Around 10.20am the first runners started passing through and we cheered them on. I saw lots of friends, people I knew and people from my running club so it was good fun. However I do have silly panic moments where despite fully knowing these people I never seem to remember names!! Something about seeing people running just makes my mind go blank. Bit embarrassing but there we go.

Then Kyle ran past (I managed to remember his name ;-)). Then my dad and me quick marched to the finish to catch him afterwards. He’d done a fantastic time of 42:59 – just scraping under the 43 minute mark! Very jammy. And so fast! I remember for my first 10k I did 43:34. Clearly Kyle is going to be super fast in the future considering he hasn’t been running for long! He definitely has a lot more to give.

He mentioned he much prefers the shorter distances to the marathons. I can understand that (though I personally don’t have that preference, obviously). I think Kyle will do well in all distances but I think he’ll probably focus more on the shorter stuff.

Though I’m sad he doesn’t share the same marathon love I do, it does make it a little more interesting for us! I can happily support those shorter distances (I think I get the easier deal here hehe).

What distance do you prefer to race?

What parkrun volunteering role haven’t you done yet but would like to?

Do like to volunteer when you’re injured/not running?

Double parkrun – Havant and QECP

One thing I love about the festive period is the chance to rack up quite a few more parkruns than you ordinarily would be able to.

There’s the Christmas day parkrun AND the double New Year’s Day parkrun, on top of the usual Saturday ones. Three bonus ones! In total, five parkruns within two weeks. Pretty good going.

Last year I was sadly unable to do the double day on NY because I was slightly injured (or at least, I was being sensible and not aggravating a niggle). Instead I plunged myself into the sea – a horrific but weirdly fun experience. I have to say, I was glad to give it a swerve this year!

As I was staying over Kyle’s for New Year’s Eve it made sense to go to his local parkruns rather than drive over 40 minutes to get to Netley (and then proceed to Southampton for the double). Havant parkrun is literally just round the corner, and then QECP a mere 10 minute drive from there. It made sense.

New Year’s Eve itself was good fun. Kyle has a large family and we played lots of games (if you’ve never played Doble you really must, it’s brilliant) and ate lots of good food. I had a takeaway kebab and chicken wings, I was in heaven.

So after a rather late night the alarm going off at 8.20am was bad enough! But Kyle and I got ourselves together, drove to Staunton Country Park, where the Havant parkrun happens and ambled to the start.

We were somewhat shocked to find that the parkrun had already begun (by my watch, a good 2 minutes early!). Usually you can count on Havant waffling for a bit and not actually starting on time… but I guess people were keen to get to the next parkrun on time. This did mean that I had to rip my coat off and throw it to a nearby tree and we had to start running straight away. To be honest, it was all a bit of a fluster! I was only asleep less than an hour ago…what a wake up!

Havant parkrun is a tough course. Not only is it uphill most of the way (albeit gently, but it’s there) with quite a sharp and scary downhill section (there’s even a sign to warn you) but the stony ground is very uneven so it takes a lot of concentration to keep you from losing your footing or doing your ankle over.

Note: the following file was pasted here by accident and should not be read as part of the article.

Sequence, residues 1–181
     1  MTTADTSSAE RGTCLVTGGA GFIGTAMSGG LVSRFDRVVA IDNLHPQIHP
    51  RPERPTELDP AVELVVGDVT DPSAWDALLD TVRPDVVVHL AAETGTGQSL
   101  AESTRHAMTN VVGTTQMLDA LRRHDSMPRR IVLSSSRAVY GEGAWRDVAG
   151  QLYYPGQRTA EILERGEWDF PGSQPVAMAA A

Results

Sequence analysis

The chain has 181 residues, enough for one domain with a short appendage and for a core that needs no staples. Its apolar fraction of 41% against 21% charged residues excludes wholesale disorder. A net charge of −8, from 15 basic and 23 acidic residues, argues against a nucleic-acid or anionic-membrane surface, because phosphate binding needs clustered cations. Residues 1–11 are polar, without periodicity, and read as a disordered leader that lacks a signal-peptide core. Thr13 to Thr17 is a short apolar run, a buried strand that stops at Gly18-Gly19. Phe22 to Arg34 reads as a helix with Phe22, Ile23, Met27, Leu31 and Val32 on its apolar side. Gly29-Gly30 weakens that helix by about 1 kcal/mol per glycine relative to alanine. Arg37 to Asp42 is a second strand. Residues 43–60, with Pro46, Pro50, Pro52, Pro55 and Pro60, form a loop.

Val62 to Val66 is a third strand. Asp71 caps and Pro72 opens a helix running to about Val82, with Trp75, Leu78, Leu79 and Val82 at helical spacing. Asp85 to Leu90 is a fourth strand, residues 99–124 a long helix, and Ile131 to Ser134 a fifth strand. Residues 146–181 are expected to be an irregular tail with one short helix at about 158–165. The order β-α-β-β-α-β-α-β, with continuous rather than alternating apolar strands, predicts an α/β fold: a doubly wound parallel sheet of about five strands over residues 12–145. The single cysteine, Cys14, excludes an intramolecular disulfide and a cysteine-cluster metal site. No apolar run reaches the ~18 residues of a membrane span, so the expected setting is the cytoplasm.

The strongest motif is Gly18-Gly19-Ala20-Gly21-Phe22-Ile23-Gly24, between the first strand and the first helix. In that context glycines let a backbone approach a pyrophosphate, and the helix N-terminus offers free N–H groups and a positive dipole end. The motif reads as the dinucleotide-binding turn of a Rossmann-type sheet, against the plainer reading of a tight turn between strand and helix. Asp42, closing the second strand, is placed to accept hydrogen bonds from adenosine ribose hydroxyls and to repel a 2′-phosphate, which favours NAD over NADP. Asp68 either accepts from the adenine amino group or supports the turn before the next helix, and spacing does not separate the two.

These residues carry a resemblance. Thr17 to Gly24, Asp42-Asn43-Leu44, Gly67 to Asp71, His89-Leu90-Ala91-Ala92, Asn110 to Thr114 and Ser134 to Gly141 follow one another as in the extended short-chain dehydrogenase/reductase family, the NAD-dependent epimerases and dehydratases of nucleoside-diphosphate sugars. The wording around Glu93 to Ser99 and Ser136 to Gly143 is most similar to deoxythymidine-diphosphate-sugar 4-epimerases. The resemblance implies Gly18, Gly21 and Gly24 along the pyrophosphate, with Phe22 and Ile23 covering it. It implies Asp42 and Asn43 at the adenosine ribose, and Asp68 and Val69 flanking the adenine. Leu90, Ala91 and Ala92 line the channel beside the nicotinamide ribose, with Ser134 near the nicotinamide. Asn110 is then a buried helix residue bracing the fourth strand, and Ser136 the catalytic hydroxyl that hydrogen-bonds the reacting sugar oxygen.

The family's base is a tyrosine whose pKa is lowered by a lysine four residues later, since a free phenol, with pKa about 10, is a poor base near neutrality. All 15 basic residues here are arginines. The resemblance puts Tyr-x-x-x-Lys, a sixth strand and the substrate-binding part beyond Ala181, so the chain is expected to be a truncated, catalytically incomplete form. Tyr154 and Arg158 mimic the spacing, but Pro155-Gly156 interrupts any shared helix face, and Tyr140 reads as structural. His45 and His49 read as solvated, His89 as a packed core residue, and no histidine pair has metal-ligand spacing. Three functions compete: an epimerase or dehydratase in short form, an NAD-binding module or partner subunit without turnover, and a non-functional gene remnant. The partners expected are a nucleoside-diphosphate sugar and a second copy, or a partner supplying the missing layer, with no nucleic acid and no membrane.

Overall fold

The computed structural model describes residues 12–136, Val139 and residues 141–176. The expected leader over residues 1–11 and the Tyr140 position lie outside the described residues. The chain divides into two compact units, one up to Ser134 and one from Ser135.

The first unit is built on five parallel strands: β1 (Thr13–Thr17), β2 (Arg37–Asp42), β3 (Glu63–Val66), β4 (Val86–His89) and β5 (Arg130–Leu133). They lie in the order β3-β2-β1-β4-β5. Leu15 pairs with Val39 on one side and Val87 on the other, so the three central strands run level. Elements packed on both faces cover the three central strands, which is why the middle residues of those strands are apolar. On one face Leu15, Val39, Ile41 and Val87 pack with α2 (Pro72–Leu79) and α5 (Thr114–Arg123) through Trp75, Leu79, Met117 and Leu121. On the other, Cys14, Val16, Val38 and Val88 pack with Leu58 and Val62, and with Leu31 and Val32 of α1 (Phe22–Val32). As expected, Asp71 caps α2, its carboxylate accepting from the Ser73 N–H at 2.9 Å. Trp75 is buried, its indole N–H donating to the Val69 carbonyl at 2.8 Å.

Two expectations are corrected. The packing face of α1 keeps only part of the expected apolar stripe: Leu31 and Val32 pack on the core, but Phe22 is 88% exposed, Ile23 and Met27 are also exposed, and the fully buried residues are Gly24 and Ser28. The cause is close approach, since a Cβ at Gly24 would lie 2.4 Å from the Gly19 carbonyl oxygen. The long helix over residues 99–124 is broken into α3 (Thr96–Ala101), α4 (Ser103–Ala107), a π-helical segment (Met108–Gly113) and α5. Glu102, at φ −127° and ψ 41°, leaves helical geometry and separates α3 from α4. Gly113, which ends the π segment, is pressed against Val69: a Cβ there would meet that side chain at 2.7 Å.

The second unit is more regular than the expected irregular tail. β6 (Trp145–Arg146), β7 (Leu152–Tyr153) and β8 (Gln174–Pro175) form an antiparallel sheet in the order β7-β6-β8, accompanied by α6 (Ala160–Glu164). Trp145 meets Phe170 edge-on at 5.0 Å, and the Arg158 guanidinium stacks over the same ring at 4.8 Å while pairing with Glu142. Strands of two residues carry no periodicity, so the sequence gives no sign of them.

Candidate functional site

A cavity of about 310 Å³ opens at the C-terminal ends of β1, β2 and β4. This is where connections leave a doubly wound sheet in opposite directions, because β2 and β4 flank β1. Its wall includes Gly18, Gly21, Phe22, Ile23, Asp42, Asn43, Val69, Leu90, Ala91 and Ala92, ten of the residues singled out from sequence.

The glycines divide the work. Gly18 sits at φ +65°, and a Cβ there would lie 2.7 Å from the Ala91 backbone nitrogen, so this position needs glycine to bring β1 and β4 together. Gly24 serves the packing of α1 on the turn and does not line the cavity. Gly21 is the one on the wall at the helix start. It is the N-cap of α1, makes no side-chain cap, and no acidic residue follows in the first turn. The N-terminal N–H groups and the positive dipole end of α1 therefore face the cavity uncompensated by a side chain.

The weather was cold, crisp and dry so this was a relief (especially as the entirely off-road QECP was next). We spent the first mile pretty much overtaking and winding as we were some of the few who started late. Then on mile two we got into a nice rhythm. I saw a few people I knew from my running club which was nice!

It’s two and a bit laps so it does go fairly quickly (mentally at least) and on the final stretch we pushed the pace and had a tasty sprint finish. Whew! Our times were identical at 25:16, (though my watch time was 24:55). One down, one to go.

There was no great rush to zoom over to QECP as the 2nd parkrun didn’t start until 10.30am and the journey was super short. However there was a long queue to get into the car park. We parked and got ourselves together and had a far more leisurely start than Havant, chatting to people I knew and trying to keep warm. Usually QECP attracts around 100 or so runners, but today it was over 400 and it was practically buzzing!

Though Kyle and I had run together at Havant we decided to do our own thing for this parkrun. And being so busy it would be tricky to run easily together. The first section of the course is a bit mental: you run straight uphill which is an absolute GRIND. Then you turn the corner and run immediately downhill at rather breakneck speed. The course is pretty much entirely on grassy tracks and a good chunk you’re either running uphill or downhill. It’s not for the faint of heart.

I found my legs were far more into running at this point than they were for Havant. I’ve been trying hard to let myself go a bit more during the downhills – basically allow gravity to do a bit more of the work rather than working against it and breaking as I go down. I found myself flying past the more cautious runners and used the momentum to carry me along the flatter and then uphill sections.

I embraced the horrendous uphill on the second lap once again and kept pushing. I was shocked to see a 5.30min/mile as I rocketed downhill – which obviously quickly disappeared as soon as I got to flatter sections. But hey, it was cool to briefly see! Finally I got to the long, slightly inclined, finally straight and pushed to a 23:03 finish. Hurrah!

Kyle finished just behind at 24:33. I found it somewhat amusing that a young girl almost overtook him at the finish-line because compared to Kyle’s 6ft3 she looked positively miniature 😉